Samuel Eto'o announced the end of his illustrious playing career over the weekend, and to mark his retirement from the game we have dug up an interview we did with the striker during the season he spent at Chelsea earlier this decade.

The very best days of Eto'o's career were behind him when he joined Jose Mourinho's Blues on a free transfer in 2013, but he was still a formidable presence in our team when he played and built up a great relationship with the fans, helped by goals he netted in home wins over Liverpool, Manchester United, Tottenham and Arsenal. He is best remembered in blue for his treble against Man United, and this exclusive interview with him took place in the wake of that achievement in January 2014. It was at the halfway point of a Chelsea career which by its end that summer would total 35 appearances and 12 goals...

Arms outstretched, racing towards a corner flag, a huge grin etched across his face. Samuel Eto'o certainly knows how to celebrate a goal in style, and with good reason - the Cameroonian has over 350 to his name over the course of a career many consider to be the greatest in African footballing history. The sight of him reeling away joyously has become something of a regular occurrence at Stamford Bridge, with eight starts on our home turf yielding eight goals for Eto'o, mostly predatory finishes of the type that have helped keep him at the top of the game for so long.

His first goal against Manchester United on Sunday needed a deflection to take it over David De Gea, but the skill which breezed him past Phil Jones and his willingness to shoot on his weaker left foot from a tight angle exemplified his confidence when the goalposts are in sight. His second and third strikes were born from his uncanny knack of being in the right place at the right time, two close-range finishes which secured Eto'o the match ball, and Chelsea the three points. He spoke afterwards about his thrilling afternoon.

'It's a big honour for me, and to keep the ball is a great souvenir,' he says.

'I love the big games. Before the game I spoke with Jose and I told him I wanted to play this game, but it's tough when we have other great strikers like Fernando [Torres] and Demba [Ba]. It was good to get the opportunity to play and try and help the team win.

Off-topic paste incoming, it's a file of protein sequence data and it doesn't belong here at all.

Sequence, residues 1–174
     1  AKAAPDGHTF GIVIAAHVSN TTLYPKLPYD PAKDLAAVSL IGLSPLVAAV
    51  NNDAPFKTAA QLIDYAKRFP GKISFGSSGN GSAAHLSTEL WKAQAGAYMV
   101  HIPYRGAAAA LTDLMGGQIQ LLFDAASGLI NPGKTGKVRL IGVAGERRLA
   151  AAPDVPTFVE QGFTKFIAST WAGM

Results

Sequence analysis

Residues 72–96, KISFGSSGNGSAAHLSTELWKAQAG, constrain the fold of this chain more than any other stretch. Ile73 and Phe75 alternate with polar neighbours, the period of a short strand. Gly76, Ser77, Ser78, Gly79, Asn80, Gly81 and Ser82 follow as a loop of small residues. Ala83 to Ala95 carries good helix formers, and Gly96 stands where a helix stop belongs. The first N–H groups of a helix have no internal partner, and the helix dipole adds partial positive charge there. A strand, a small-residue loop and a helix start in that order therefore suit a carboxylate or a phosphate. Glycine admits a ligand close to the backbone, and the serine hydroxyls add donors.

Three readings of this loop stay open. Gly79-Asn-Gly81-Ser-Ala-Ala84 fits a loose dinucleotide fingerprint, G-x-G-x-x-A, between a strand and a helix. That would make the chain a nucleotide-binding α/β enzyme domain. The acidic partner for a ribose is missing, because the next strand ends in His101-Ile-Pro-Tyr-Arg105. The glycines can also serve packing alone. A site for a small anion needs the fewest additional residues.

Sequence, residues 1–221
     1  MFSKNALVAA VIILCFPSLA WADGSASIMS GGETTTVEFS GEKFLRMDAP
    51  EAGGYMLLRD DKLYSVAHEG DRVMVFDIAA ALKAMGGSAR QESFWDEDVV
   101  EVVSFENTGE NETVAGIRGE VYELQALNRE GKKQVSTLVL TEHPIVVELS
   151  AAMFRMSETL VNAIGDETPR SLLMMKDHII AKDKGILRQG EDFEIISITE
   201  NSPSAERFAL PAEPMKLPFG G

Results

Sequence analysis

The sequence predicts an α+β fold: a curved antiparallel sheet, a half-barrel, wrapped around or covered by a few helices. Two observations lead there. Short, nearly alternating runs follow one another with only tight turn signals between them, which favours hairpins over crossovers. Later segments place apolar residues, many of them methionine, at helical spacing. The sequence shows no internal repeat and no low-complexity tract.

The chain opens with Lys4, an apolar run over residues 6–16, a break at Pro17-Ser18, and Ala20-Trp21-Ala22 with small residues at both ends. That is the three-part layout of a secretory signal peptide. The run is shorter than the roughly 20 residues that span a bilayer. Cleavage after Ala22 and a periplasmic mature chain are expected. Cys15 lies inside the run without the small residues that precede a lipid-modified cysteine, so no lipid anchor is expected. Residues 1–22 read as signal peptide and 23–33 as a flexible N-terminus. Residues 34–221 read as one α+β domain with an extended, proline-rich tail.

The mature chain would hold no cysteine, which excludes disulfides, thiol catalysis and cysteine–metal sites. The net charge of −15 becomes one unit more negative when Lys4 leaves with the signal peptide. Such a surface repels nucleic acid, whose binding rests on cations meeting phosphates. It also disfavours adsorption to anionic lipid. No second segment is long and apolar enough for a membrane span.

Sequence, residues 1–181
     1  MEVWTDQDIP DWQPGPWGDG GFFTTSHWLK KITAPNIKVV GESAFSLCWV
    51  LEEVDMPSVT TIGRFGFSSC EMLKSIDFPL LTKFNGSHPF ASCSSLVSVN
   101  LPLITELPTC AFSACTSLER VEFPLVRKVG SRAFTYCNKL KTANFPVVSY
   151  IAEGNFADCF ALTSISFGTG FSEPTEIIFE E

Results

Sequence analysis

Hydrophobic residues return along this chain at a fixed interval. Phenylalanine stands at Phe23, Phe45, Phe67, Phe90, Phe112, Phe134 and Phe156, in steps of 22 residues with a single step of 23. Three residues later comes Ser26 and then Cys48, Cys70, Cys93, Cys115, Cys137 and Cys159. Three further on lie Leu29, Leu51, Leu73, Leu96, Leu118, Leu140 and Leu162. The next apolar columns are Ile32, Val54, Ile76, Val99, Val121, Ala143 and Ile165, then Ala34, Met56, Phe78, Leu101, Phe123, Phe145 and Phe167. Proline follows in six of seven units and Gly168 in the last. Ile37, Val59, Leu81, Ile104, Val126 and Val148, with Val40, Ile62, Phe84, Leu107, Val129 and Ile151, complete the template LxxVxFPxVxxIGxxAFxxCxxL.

'The first goal took a deflection; the other two were good because I hadn't had much of the ball so I was glad when the opportunities came my way. It was a real collective effort and to take the three points was the most important thing.'

Coming away from games with maximum points has become increasingly commonplace for the Blues - we have picked up nine wins from our last 11 league outings - with another big-game success, against Liverpool after Christmas, secured courtesy of Eto'o's outstretched left foot. His maiden experience of playing in English football included two starts over the festive period, hitherto a time when competitive football was not on his agenda.

'Against Liverpool it was really important that we won the match, particularly after going behind. We had to reply and we did. I saw how happy the Chelsea fans were after we won and that made it even more satisfying.

'It was an incredible experience playing over the Christmas period. Jose had already told me that Boxing Day in particular was a really special day. Even if that particular day is normally spent with the family it was really good. It's something I have never experienced before and being at Chelsea meant I was able to experience that. I could only be pleased about it.'

As a man whose footballing odyssey has taken him to some of Europe's finest cities, including Madrid, Barcelona, Milan and Moscow (where his former side Anzhi Makhachkala trained), how has he found life in London?

'It's a great city,' he smiles. 'But I already knew that!

'Even if it rains quite a lot it's always nice here. It is a beautiful city, it's really lively and cosmopolitan and it's a good place to live.'

Around the training ground, Eto'o is a jovial character almost never seen without a smile on his face, and it's clear he has quickly built up a rapport with his peers. Having won the league, and of course the Champions League, in both Spain and Italy, he is hopeful of achieving something similar in his first season in England.

'At the moment we are still in practically all the competitions. If Chelsea are not the best club in the world then they are one of the best clubs in the world, so I don't know if we are going to win everything but the season is going well so far.

Read: Callum Hudson-Odoi recalls that photo with Samuel Eto'o

'I like playing and when I get chance to do that I have to help my team-mates. There is a huge difference between English football and the other championships, you almost can't compare it, but I am trying to adapt very quickly and that's okay.

'The most important thing in life is to work hard. Football is a part of my life, and I try to be happy all the time. That's why I'm always smiling. If my work allows me to be even happier, then that is great.

'The season is long, and there are a lot of things that could happen, but I hope to score more goals, help my team and then hopefully the season will end well for Chelsea.'

If Eto'o keeps finding the net in the big games, then there's every chance his first season in west London will end on a happy note, but either way, nothing will wipe that smile off his face right now.

There was no silverware for Eto'o to add to his extensive collection, but we did reach the Champions League semi-finals and come third in the Premier League. The striker moved on to Everton and then Sampdoria before spending time in Turkey and Qatar. He retired from Cameroonian duty after the 2014 World Cup with 118 caps and 56 international goals to his name.

- This interview was first published on 22 January 2014